Words: David Arthur
Despite a relatively small presence in the UK, Merida is one of the biggest bicycle manufacturers in the world, and it looks like their 2014 range could be their best yet. We’ve been rifling through the 2014 catalogue, a glossy hardback book (yes, seriously) and have picked out a few highlights for you that we reckon are worthy candidates to be on any bike shortlist.
And would you believe it, Merida has jumped aboard the 650b train, with a handful of new bikes built around the on-trend wheelsize. Perhaps the bike that will appeal to most UK mountain bikers is the Merida One-Forty 650B, a 145mm full-susser.. It’s a smartly packaged bike with their own VPK (Virtual Pivot Kinematic) suspension platform, with two short stout linkages connecting the swingarm to the main frame. The numbers look good too, with a 67 degree head angle and 73 degree seat angle.
There are two build options, the One-Forty 5-B at £1,500 and the £3,000 One-Forty 1-B. Both use the same frame and get specced with 150mm forks. Cables are routed internally, all sprouting out of the downtube by the bottom bracket so replacing cables should be easy enough, as well as hopefully ensuring adequate sealing.
The cheaper of the two looks a cracking bike, specced as it is with a RockShox Sektor fork dishing out 150mm of travel married to a Monarch RLT rear shock. It’s got a Shimano Deore groupset with Deore hubs laced to Alex ESD23 rims with Nobby Nic 2.35in tyres. Both bikes are specced with 60mm stems – it’s good to see companies really starting to get the message about shorter stems on long-travel trail bikes – and a 730mm riser bar.
There are seven brand new 650b hardtails called the Big 7, priced from £550 to £2,750, so everyone can get a piece of the new wheelsize no matter your budget.
Born from the same genes, the One-Sixty uses the same VPK suspension design but sticks with tried-and-tested 26in wheels. This is a new bike they introduced last year, in fact I got an exclusive first ride on a prototype ahead of its release, you can check out here. It’s a prime candidate for 650b wheels so we imagine it might get an update for the 2015 model year. It gets 160mm from the rear shock with a hydroformed frame and dropper post routing.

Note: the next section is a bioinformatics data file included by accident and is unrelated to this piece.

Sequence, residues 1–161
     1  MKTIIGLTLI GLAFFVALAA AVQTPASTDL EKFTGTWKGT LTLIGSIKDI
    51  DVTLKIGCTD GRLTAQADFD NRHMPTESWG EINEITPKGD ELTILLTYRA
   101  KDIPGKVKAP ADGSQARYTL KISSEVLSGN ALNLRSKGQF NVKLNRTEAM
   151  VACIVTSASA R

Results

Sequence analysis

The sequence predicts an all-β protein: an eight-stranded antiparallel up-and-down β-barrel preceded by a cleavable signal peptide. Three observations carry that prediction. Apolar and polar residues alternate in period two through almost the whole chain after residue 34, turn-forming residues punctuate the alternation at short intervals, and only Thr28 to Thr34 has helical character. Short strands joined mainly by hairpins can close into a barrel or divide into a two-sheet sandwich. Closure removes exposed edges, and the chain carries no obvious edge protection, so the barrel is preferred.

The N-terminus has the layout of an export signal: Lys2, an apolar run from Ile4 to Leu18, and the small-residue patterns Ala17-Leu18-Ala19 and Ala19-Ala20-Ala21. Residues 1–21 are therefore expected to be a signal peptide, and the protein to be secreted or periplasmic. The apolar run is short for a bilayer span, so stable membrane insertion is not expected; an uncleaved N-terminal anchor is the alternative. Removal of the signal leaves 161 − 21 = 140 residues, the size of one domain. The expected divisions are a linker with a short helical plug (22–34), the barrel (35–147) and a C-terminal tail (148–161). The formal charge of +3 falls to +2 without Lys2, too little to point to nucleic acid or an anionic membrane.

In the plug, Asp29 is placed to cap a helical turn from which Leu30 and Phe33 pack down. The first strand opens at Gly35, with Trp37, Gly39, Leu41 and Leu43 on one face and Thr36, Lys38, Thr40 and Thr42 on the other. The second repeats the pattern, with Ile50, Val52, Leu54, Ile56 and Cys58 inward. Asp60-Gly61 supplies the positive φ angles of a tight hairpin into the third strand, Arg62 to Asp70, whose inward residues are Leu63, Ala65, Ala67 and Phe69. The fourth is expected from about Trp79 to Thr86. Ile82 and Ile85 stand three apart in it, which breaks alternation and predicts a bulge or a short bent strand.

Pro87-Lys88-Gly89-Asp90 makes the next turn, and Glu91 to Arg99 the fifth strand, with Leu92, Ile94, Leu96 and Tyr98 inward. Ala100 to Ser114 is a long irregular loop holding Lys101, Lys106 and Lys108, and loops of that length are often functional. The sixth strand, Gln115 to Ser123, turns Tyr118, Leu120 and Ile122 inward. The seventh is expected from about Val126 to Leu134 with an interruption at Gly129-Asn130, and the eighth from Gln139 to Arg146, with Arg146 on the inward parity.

The key changes for 2014 to this bike include internal cable routing for the gear cables and dropper post, only the rear brake hose is routed externally. There are two models priced at £2,600 and £3,200. The latter gets a Pike 160mm PCT3 fork, SRAM XO 11-speed transmission, Sun Ringle Inferno rims on DT350 hubs and Hans Dampf 2.4 Evo tyres, with a Reverb Stealth post completing the package. That has ‘Enduro’ written all over it.
Don’t despair if you’re a 29er fan, Merida hasn’t ditched the big wheels. The Big Ninety-Nine is their cross-country/marathon offering, with 106mm from the rocker driven shock. It’s now an all-carbon affair, as befits a bike used regularly in World Cup XC races. The front triangle, chainstays and even the rocker linkage are woven from the black stuff.Frame weight is a claimed 1.9kg, so building a very light full build shouldn’t be too difficult. If you’re cut from a race whippet mould, the top-end bike comes with a 100mm fork, while the rest of the bikes in the range get a healthier 120mm up front, making it a bit more trail friendly.
We like the look of the Big Ninety-Nine Carbon Pro XT Edition, with a Fox 32 Float CTD 120mm fork and Fox Float CTD shock with a Shimano XT groupset and brakes. To keep the cost down a bit the bike swaps the carbon rear triangle for one made of 6066 hydroformed alloy. This one costs £3,000.
So there you go, some really nice looking new bikes from Merida. They’re building some good form now, with well designed bikes finished well both in terms of specification and paint and graphics. Head over to Merida’s website if you want to see the full range.